Game Review – Bears vs. Babies

Bears vs. Babies Review:

From the same people who brought to us the glory of Exploding Kittens, comes a new installment that pushes the boundaries of family appropriate filler games…Bears vs. Babies! For those of you not familiar with Exploding Kitten’s rapid rise to stardom, this game should be the poster child of what Kickstarter has done for the tabletop gaming community. Their newest game to come out is called Bears vs. Babies, and it is every bit as ridiculous as the Exploding Kittens. The game plays anywhere from 2-5 players ages 10+ (though a NSFW expansion for adults only is available). The core deck is equipped with over 100 cards (107 to be exact) and gameplay varies depending on how many players there are (it’s a quick game though).

A mat is included in the game for each of the baby armies, the discard pile, and the draw pile.

Premise:

The premise of Bears vs. Babies is a bit bizarre. Essentially, you are competing with each other to build armies of monsters (and bears) in order to defeat a common enemy – babies. While the theme is suspect, it is certainly on par with the thought of exploding kittens. I honestly was not the least bit surprised when I saw the new game theme. I think the polarizing theme does a great job of attracting new players. Can you imagine inviting someone to play this game for the first time? Their reaction? Thankfully, the mechanics of the game are solid and replay-ability is through the roof.

Bears vs. Babies has definitely come into the modern era better than most regarding game rules. While there are physical instructions included in the game, the actual rules can be found in this video here. Everyone hates having to read the rules in order to play a new game, and Bears vs. Babies answers all of your game questions regarding play in just over 7 minutes.

Pictured above are three examples of the different baby armies.

Your turn consists of drawing and playing cards in order to build your three armies (land, sky, sea). The amount of turns you take depends on how many players there are, so the game scales well when played within the correct range (2-5). The game also comes with a material mat to play your babies (when drawn), discarded cards, and discard piles. They even account for bad shuffling by diving the discard pile into three decks to choose from on your turn. Once a baby army is “provoked” (either during a turn or by drawing the card) each player tallies their monster army points and compares their army with the associated baby army that was provoked. Whoever has the highest score gets to keep the babies!

The game also has other special cards that can be used to either bolster your standing or hinder other players. This does a nice job of creating tension among the players.

This particular monster is a panda bear armed with knives and burritos on cool cyborg legs!

The Goods

Bears vs. Babies capitalizes on the success of Exploding Kittens in order to expand what a filler game can do. The game is truly unique. Game mat included? Check. Ridiculous theme? Check. Box made out of fur? Che-wait what? Yes, the box is made out of fur. While the theme jumps out at you, they decided to make the physical aesthetics jump too. It works. Put all your game boxes out the next time a friend comes over and see which one they naturally gravitate toward first. I guarantee you it will be this one.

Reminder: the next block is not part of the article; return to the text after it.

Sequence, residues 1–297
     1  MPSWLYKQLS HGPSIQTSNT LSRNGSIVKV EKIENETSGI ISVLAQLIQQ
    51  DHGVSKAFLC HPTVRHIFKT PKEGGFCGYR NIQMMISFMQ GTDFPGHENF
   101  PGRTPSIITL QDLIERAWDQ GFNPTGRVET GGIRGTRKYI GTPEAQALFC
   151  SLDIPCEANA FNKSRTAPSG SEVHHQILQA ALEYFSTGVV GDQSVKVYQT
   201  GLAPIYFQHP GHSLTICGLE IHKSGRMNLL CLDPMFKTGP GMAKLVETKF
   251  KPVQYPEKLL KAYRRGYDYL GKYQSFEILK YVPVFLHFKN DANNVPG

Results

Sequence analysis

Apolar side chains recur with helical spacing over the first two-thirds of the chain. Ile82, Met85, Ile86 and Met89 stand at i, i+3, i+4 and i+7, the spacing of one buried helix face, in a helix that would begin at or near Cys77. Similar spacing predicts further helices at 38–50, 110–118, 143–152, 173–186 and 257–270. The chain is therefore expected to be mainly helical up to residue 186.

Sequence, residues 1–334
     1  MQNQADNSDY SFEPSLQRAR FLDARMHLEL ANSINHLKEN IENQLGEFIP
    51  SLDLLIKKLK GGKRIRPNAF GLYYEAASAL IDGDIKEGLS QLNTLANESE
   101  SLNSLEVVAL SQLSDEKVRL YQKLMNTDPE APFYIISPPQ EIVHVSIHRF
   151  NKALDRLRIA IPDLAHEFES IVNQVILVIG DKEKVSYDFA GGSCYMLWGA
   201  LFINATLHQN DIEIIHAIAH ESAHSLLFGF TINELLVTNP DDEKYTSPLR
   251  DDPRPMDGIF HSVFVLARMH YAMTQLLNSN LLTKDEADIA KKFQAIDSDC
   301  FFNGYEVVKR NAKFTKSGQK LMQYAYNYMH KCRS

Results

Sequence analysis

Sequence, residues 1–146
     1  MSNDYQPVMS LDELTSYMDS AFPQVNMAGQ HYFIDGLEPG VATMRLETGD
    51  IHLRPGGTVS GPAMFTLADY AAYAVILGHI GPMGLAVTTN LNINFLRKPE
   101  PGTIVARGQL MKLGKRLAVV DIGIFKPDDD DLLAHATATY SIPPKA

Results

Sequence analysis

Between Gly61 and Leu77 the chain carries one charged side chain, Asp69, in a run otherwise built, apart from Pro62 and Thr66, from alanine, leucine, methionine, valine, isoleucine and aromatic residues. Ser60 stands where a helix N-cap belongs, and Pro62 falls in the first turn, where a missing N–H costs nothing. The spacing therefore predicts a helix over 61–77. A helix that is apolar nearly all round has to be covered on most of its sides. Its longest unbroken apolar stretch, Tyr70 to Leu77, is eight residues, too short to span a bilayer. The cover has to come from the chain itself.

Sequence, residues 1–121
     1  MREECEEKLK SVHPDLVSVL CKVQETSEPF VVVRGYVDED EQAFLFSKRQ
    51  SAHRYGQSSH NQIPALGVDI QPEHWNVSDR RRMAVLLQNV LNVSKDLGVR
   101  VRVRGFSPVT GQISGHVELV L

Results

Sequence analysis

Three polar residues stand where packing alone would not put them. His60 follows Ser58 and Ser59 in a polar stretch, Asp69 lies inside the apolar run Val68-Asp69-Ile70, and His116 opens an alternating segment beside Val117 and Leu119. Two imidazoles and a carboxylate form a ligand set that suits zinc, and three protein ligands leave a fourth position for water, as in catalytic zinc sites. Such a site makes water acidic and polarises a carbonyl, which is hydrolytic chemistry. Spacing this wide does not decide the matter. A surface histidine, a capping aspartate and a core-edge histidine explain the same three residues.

From a mechanic perspective, the game is very simple. The age range is 10+ I feel like because of the theme, but the gameplay is solid for a filler. Adding moves to your turn when there are fewer people playing is a great rule that I haven’t seen in a game in some time. It really adds to the game when there is only two people playing. When you have the full five players, each move is more important than the last since so much can happen between turns.

It’s easy to see how crazy the monsters can turn out to be!

The aesthetics go a long way in this game as well. Monsters can have heads that don’t match their body, while the legs and arms are also represented by different cards. This leads to a great deal of monster variability. It doesn’t add to the mechanics of the game that much, but it definitely adds to the experience. For this game, it is all about being polarizing as possible to get the players to loosen up. We’re not vying for world domination or trying to cure the planet of sickly diseases. We’re playing a game and it should feel that way. I really think this adds to the replay ability of the game too. You’re in it to demolish the other players (and the babies), but it always feel generally light-hearted.

Wrap Up

Bears vs. Babies consolidates what made Exploding Kittens successful and adds in some more mechanics and aesthetics to bring about another fantastic filler game. I’d say the correlation between the two games is positive. If you loved Exploding Kittens, then you’ll also greatly enjoy this game too. The games are only really similar in their polarizing theme. Other than that, the overall experience is different enough to warrant the ownership of both games. If the theme of the first was a little too extreme for you, then you probably haven’t read this far down on the post and have already passed on this game. The game won’t take very long to play (5 – 20 minutes depending on who is playing), and play time can be manipulated depending on how many rounds deep you go. All in all, this is a solid game with extensive appeal.

Until next time,
Meercat
@Meercat

 

The innovative aesthetics, polarizing theme, and HIGH replay-ability are the three main reasons why I gave Bears vs. Babies a Meercat Recommended rating!

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